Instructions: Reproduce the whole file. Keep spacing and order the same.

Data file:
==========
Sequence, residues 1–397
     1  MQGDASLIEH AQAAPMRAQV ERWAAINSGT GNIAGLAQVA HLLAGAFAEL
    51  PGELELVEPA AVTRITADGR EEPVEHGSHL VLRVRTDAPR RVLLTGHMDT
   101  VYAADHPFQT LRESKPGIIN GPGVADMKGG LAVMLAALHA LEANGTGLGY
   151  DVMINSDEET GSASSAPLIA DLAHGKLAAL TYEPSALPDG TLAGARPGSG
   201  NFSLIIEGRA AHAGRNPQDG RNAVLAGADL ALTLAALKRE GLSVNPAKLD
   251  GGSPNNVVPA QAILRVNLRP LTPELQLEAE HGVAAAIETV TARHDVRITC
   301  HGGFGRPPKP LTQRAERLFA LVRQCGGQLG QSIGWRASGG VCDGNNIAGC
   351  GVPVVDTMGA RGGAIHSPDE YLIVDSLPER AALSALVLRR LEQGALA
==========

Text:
Sequence, residues 1–397
     1  MQGDASLIEH AQAAPMRAQV ERWAAINSGT GNIAGLAQVA HLLAGAFAEL
    51  PGELELVEPA AVTRITADGR EEPVEHGSHL VLRVRTDAPR RVLLTGHMDT
   101  VYAADHPFQT LRESKPGIIN GPGVADMKGG LAVMLAALHA LEANGTGLGY
   151  DVMINSDEET GSASSAPLIA DLAHGKLAAL TYEPSALPDG TLAGARPGSG
   201  NFSLIIEGRA AHAGRNPQDG RNAVLAGADL ALTLAALKRE GLSVNPAKLD
   251  GGSPNNVVPA QAILRVNLRP LTPELQLEAE HGVAAAIETV TARHDVRITC
   301  HGGFGRPPKP LTQRAERLFA LVRQCGGQLG QSIGWRASGG VCDGNNIAGC
   351  GVPVVDTMGA RGGAIHSPDE YLIVDSLPER AALSALVLRR LEQGALA